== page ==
After several years of uncertainty, the Buffalo chapter of the American Red Cross can now rest assured it will be staying indefinitely in its Delaware Avenue home – along with some musical accompaniment.
John Yurtchuk, a developer and former chairman of the regional Red Cross chapter, is buying the prominent Clement Mansion from the nonprofit he used to lead.
In a surprise move, Yurtchuk will split the property and donate the historic mansion to the Crescendo Campaign for the Buffalo Philharmonic Orchestra, of which he is also a board member. The BPO will occupy part of the building for its administrative offices and will lease the rest to the Red Cross.
“What a great address for both the BPO and the Red Cross, and I couldn’t think of a better caretaker for a part of Buffalo’s history,” said Yurtchuk, owner of Matrix Development Corp. “I thought the building was an iconic representation of philanthropy. … I hope they’ll both stay there forever and keep the legacy going.”
The highly complicated but carefully orchestrated transaction – which represents one of the biggest donations in the BPO’s history – will be announced from the stage at the orchestra’s opening performance on Saturday night.
“It’s a transformational gift for the BPO,” said Executive Director Daniel Hart. “This is an iconic Buffalo building… It’s a dream scenario for us.”
The developer’s gift, which he valued at $2.5 million, continues a legacy that began when Carolyn Tripp Clement first donated the 17,000-square-foot mansion to the Red Cross in 1941. The nonprofit has been occupying the building ever since, but no longer uses the entire building, let alone the rest of the property.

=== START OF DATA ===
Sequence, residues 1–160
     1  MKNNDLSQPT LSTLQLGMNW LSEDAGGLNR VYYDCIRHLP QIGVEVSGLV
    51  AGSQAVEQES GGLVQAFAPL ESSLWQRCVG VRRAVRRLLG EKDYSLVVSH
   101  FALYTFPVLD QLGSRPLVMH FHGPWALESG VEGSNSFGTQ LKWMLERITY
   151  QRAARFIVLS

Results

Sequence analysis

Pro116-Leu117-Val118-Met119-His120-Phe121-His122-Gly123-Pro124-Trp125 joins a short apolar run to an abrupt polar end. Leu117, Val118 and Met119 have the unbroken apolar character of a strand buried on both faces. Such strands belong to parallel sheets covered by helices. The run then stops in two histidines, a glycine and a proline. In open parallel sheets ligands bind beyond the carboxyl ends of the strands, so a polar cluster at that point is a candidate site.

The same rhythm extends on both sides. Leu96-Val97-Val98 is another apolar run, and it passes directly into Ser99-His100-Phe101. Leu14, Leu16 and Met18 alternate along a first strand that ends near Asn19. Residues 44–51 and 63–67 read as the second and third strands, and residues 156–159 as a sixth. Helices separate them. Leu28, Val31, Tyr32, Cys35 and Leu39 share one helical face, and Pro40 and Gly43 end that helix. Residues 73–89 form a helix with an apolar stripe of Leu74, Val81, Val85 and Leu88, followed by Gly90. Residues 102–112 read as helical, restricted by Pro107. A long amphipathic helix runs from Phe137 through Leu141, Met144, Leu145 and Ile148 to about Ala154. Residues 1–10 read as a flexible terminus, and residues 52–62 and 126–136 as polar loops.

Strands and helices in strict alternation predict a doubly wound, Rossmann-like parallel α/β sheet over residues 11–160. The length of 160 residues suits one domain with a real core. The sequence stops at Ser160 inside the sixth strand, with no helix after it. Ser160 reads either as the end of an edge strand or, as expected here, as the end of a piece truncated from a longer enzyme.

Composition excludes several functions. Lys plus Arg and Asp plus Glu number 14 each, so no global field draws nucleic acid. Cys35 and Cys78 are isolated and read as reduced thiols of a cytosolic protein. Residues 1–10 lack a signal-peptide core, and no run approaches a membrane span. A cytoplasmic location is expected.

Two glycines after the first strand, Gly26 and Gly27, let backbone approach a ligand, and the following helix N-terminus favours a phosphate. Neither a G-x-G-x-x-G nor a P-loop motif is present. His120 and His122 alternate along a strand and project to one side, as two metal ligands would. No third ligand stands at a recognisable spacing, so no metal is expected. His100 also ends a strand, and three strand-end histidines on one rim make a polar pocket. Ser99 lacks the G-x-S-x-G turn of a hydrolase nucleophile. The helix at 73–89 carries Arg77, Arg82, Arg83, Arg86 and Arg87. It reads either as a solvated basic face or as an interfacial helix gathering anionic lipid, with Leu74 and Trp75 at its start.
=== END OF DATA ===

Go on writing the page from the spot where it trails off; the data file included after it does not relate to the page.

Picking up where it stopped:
“We are very proud to still be able to have a presence in the City of Buffalo, to be able to continue to honor this gift that was made 76 years ago,” said Jay Bonafede, spokesman for the Western New York Region of the American Red Cross.
As for the rest of the site, Yurtchuk will split off the mansion and front lawn on Delaware from the back of the sprawling property, which includes the main parking lot and three larger buildings. He hopes to redevelop that complex for office, medical or other commercial tenants. He is also considering developing it as a nonprofit campus or incubator, in partnership with the Oishei Foundation.
“I’ll look to repurpose those,” Yurtchuk said. “I’m open to what options might be appropriate for that rear building.”
Yurtchuk would not disclose the purchase price for the entire four-acre property.
The purchase is expected to close in mid-October, when the BPO will take over and move in. At that time, the Red Cross will shift to the third floor, while the orchestra occupies the second floor and some mezzanine space. The first floor includes three conference rooms that will be shared, as well as a couple of additional offices that the Red Cross will retain. Between the two agencies, about 50 people will work in the mansion, and the organizations will also share the basement storage.
The developer is not putting any restrictions on the property, which he said he must legally own for 366 days prior to the donation, for tax reasons. The orchestra will not have any mortgage, saving them significant money over the rent they now pay for leased space on the second-floor of 499 Franklin St., at Allen Street. And the Red Cross will pay a lower rent than the mortgage it now has, reducing its own costs, Yurtchuk said.